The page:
The Left has been perpetually stymied by the Tea Party movement. First they tried to dismiss it as a kook fringe movement. Then they tried to smear it with social stigmas (intolerance, greed, racism, etc.) and now that they are losing badly to Tea Party candidates, they are suddenly trying to convince voters that they also support "Tea Party values". The whole thing has been pretty entertaining.

But liberals have never really addressed the "freedom" aspect of the Tea Party movement. Perhaps this is an "out of sight, out of mind" tactic, because freedom genuinely scares them. You can't have rule over the masses by a an elite gentry class (which is really what they want) and true liberty and freedom for all.

Liberals have tried to bribe us with goodies (abortion, porn, etc.) in exchange for systematically eroding our freedoms. Hopefully the American people have finally said "enough already."

I Have a deep and a... (Below threshold)

I Have a deep and abiding disgust for hippies that dates back to the Vietnam War. I, and thousands of other vets endured that unending shitstorm which continues to this day.

It would be nice if the present "liberal" class would accept that they bear no resemblance to classic liberals other than the name. Modern progressives have co-opted the definition quite successfully, unfortunately.

But the progressive stench filters through.

"Far more frightening, thou... (Below threshold)
Les Nessman:

"Far more frightening, though, is that there are those who really don't like hippies, and have made a habit of going after them. "

Well, there were hippies and then there were 'hippies'.

The hippies just wanted to be left alone.

The 'hippies' were the Leftist/Communist/Socialists that took over the movement sometime around 1968. Most people have forgotten the early hippies and mostly remember, and hate, the later 'hippies'. I know when I say "I hate hippies", that's who I mean.

FrankJ.. I'm mor worried ab... (Below threshold)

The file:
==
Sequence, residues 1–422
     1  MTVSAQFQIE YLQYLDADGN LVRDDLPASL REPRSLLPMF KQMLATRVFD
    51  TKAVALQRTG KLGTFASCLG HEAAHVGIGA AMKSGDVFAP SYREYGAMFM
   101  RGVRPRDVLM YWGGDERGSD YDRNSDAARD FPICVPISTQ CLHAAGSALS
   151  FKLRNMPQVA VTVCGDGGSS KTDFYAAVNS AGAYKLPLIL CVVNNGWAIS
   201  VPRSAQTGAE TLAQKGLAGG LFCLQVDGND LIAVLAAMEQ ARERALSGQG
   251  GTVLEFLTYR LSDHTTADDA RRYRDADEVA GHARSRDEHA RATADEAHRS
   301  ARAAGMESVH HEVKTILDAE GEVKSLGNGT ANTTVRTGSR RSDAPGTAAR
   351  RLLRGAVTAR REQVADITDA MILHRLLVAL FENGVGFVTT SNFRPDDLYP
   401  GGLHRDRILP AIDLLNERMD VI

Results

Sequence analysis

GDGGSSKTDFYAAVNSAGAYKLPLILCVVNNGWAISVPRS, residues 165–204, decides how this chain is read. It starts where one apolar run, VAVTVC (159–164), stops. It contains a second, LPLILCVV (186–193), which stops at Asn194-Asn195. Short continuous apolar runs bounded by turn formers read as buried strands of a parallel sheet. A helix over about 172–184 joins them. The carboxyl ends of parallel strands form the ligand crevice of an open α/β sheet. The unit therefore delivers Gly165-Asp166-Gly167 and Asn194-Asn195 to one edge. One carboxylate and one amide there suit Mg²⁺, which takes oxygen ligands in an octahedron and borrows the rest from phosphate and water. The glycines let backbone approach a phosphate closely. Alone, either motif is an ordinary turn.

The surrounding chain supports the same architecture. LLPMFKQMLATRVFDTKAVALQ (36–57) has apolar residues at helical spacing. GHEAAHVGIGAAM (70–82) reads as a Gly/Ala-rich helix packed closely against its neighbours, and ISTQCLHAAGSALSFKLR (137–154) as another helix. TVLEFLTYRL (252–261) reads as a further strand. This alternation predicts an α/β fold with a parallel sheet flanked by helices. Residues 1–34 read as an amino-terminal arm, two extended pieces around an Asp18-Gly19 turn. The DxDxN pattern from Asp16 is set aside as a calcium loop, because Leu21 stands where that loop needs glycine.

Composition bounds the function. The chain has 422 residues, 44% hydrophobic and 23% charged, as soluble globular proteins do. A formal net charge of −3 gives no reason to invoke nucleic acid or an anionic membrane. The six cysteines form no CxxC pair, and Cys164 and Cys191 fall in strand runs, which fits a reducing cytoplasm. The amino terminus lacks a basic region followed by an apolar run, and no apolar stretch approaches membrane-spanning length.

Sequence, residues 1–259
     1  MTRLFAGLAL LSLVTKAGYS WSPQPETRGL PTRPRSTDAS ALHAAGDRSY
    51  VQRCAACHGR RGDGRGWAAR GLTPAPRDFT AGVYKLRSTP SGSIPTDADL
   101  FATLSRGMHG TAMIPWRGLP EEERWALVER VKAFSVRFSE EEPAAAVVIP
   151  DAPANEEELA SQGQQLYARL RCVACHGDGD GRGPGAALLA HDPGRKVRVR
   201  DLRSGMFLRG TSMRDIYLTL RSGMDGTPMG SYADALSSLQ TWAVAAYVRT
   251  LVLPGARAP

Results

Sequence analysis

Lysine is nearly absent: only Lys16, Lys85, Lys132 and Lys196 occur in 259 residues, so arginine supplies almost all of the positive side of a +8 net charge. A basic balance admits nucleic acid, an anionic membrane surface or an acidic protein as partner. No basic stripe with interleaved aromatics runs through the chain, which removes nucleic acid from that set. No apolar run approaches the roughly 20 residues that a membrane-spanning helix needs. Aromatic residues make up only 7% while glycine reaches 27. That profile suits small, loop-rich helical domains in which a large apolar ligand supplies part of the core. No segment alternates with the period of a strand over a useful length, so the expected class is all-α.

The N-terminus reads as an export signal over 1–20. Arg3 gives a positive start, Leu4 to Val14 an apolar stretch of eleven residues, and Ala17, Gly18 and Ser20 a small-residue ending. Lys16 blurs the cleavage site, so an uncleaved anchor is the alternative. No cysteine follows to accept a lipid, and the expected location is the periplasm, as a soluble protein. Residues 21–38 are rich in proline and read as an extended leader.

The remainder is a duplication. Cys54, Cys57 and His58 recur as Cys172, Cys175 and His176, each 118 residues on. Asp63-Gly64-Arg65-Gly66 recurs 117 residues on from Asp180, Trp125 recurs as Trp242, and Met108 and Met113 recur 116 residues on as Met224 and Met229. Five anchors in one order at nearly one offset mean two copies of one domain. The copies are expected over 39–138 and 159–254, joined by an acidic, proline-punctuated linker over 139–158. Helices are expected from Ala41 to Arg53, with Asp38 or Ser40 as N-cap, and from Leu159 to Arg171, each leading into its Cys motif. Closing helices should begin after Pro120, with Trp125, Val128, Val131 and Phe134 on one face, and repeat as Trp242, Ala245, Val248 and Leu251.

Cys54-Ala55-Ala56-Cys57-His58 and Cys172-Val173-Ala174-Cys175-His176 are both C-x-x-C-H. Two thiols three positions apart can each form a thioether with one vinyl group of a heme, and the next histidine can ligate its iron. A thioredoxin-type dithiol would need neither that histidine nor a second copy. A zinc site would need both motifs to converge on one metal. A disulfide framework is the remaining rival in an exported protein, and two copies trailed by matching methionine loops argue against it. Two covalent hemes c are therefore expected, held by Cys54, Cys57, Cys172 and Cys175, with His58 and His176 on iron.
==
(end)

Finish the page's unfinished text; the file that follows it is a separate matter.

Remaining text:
FrankJ.. I'm mor worried about Watango

Neither here nor there. </p... (Below threshold)

Neither here nor there.

During the hippie era I was in high school. Nobody I knew could tell me why we were fighting a war in Vietnam. My lotto number was coming up and I knew I didn't want to get killed just for shits and giggles. Politics was not on my radar screen. I didn't know the difference between a Republican and a Democrat - I didn't know which one stood for what. I was 16-17 and I was busy thinking about girls 25 or more hours a day. (The Pres. can have 57 States - I can have 25 or more hours a day.)

As far as being a Hippie, I knew I wanted to try that "love & peace" thing out, and this pot stuff seemed okay by me too - not at first, but my friends talked me into it - them bastards. The rock and roll music from back then is now classic rock. I was at Woodstock - no really!! (BS).

I wasn't against working. I had a job pumping gas, or "pumping Ethyl" as we use to say.

You have to remember that "serious" to me, at that time, was not being able to start my $200 car on a Friday night.

What motivated me back then was the want to escape my parents (they were fine parents for strict old German Catholics). To do that I figured I needed a job. Two years of Tech-school should about do it - yes I'm lazy, shut up. For what it's worth, I went to school for what I liked doing. As it turned out it was sufficient enough to raise a family of five, with a lot of help from my bride. Today I'm employed and a grandfather of three (and a recovering Catholic - but I don't have to go to meetings).

I support the Tea Party today. I see them as common sense type of people. I see them as Americans - not right or left - not Republicans or Democrats - not Liberal or Conservative, but those people who cried at the sight of the Twin Towers being demolished. Those Americans... the people right next to you - co workers - family - complete strangers - all Americans, every one of them - even the illegal ones.

That lasted for days. I thought it would last for years.

After time it felt like the politicians were not listening to the people. That seems very similar to "No taxation without representation". They want to tax us more, but listen to us less. And thus - the Tea Party was born. (I also admire the cojones that the conservative women (Tea Partiers ???) seem to have. These gals are speaking out and I agree with them). To me, the Tea Party supporters seem to be the people who have bills to pay and are paying them with their hard work, but if you get between them and their cubs look out. (oops - fell into Palin speak).

We need smaller government and they need to listen to us - the people pulling the wagon. You don't think so? Watch and learn grasshopper.

And another thing... I keep hearing how the Tea Party supporters don't want to pay taxes. Well that's wrong. I don't want to pay HIGHER taxes. I want to see my tax dollar being spent wisely. Fattening Unions isn't it. Giving money to the UN to help them blow smoke up the world's ass isn't it either.

What was the question? Pass the beer nuts.

BluesHarper - Nice. Better... (Below threshold)

BluesHarper - Nice. Better than any editorial the Houston Chronicle runs.

Thank you, Brother BluesHar... (Below threshold)

Thank you, Brother BluesHarper.

Well said. Hear! Hear!

What question?

Garlic or plain?